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Hypnerotomachia Poliphili

Category: Books sutras and myths

The Hypnerotomachia Poliphili was written by Francesco Colonna, a Dominican friar, in the 16th century.  The book describes the allegorical journey of the spiritual traveller  - the spiritual path - and in the course of the book just about every symbolic spiritual feature is incorporated into the story. 

Poliphilo, the hero of the story, is attempting a journey to heaven in his dream, in order to find Polia, superficially the lady he loves but at a deeper level the Feminine to his Masculine and the route to his Higher spirit and the Mystic marriage.  It is also an allegorical journey based on the principle - Know Yourself.

He encounters the forest of thorns, the stream of spiritual energy, fountains, tunnels into the heavenly realm, dragons in the tunnel, groves of trees, portals, columns, various symbolic animals, paths, castles, palaces, queens, gods and goddesses.  Anyone wishing to read a story that combines all the symbolic landscape features found in the spiritual realm need look no further – and it is a very enjoyable book. 

As I attempted to list all the symbols incorporated by Francesco in each of his woodcuts and his text, it occurred to me that he has the honour of being the first Surrealist.  The Surrealist painters took groups of symbols and created surreal pictures out of them.  Francesco took a whole host of symbols and created both a word picture and a woodcut from them.  At times, the text bristles with so many symbols it is almost impossible to list them all.  I couldn't help but try to imagine this jolly friar with his obvious sense of fun and his very sure grasp of the symbols he was using.  Many of the symbols have both a simple and a sexual meaning and he must have known this - a very jolly friar.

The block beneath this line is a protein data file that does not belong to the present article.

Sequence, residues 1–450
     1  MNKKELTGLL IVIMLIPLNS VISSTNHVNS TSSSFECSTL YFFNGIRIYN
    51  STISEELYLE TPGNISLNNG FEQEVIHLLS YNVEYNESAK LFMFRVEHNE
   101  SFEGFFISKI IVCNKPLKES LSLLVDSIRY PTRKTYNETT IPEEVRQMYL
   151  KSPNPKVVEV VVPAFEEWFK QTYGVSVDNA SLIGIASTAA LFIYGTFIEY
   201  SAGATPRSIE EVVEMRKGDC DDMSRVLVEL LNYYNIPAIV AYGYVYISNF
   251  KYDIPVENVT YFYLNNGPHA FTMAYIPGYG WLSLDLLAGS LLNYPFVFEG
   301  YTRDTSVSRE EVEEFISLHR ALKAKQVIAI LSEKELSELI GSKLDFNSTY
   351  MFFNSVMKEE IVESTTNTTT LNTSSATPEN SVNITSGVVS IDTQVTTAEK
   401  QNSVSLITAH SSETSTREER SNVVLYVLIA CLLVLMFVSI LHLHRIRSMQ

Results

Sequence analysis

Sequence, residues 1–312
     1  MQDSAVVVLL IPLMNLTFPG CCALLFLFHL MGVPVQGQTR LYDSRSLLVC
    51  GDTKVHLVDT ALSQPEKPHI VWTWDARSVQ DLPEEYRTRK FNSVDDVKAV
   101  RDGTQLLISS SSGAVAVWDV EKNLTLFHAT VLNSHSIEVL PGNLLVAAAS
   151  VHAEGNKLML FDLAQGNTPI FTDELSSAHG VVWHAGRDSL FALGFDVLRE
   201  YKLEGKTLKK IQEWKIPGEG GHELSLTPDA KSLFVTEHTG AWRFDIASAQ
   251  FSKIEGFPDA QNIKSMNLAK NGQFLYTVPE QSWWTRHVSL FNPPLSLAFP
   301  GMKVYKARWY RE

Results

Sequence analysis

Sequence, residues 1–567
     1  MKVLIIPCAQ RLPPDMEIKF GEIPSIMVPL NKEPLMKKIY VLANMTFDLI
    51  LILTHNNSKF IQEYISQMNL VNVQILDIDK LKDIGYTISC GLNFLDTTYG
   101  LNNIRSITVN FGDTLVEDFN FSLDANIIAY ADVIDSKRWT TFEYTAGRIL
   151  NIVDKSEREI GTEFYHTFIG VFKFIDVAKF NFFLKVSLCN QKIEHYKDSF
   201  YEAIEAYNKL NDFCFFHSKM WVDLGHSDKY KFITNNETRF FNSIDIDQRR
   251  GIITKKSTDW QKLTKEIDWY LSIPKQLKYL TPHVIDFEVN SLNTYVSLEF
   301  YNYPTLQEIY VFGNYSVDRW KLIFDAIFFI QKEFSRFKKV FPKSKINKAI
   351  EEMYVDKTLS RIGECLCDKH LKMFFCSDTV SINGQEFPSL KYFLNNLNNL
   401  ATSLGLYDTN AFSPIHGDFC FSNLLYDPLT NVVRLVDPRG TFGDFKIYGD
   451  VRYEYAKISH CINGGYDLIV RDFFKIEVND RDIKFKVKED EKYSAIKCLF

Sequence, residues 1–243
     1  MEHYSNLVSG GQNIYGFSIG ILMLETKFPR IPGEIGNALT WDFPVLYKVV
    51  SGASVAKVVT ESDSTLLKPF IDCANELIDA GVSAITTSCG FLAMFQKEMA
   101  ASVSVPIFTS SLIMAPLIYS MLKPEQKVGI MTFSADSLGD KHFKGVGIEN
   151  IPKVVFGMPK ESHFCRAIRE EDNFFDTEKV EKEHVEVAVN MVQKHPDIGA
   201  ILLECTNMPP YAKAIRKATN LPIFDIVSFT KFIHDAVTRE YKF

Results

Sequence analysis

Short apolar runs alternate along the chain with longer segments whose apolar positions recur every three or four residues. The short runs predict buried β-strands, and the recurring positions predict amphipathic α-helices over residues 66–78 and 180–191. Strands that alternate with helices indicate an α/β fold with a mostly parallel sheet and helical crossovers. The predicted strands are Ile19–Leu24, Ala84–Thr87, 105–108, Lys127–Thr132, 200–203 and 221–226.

Poliphilo is driven by love, love is essentially the reason for living and this permeates the whole book.  And it is probably what motivated and drove our jolly friar too, though this would be pure speculation on my part.

References

I have used the excellent translation by Joscelyn Godwin for the observations.  The woodcuts in the observations are from the book and are now freely available on the Internet from a number of sources including the publisher of Joscelyn's book.

 

Observations

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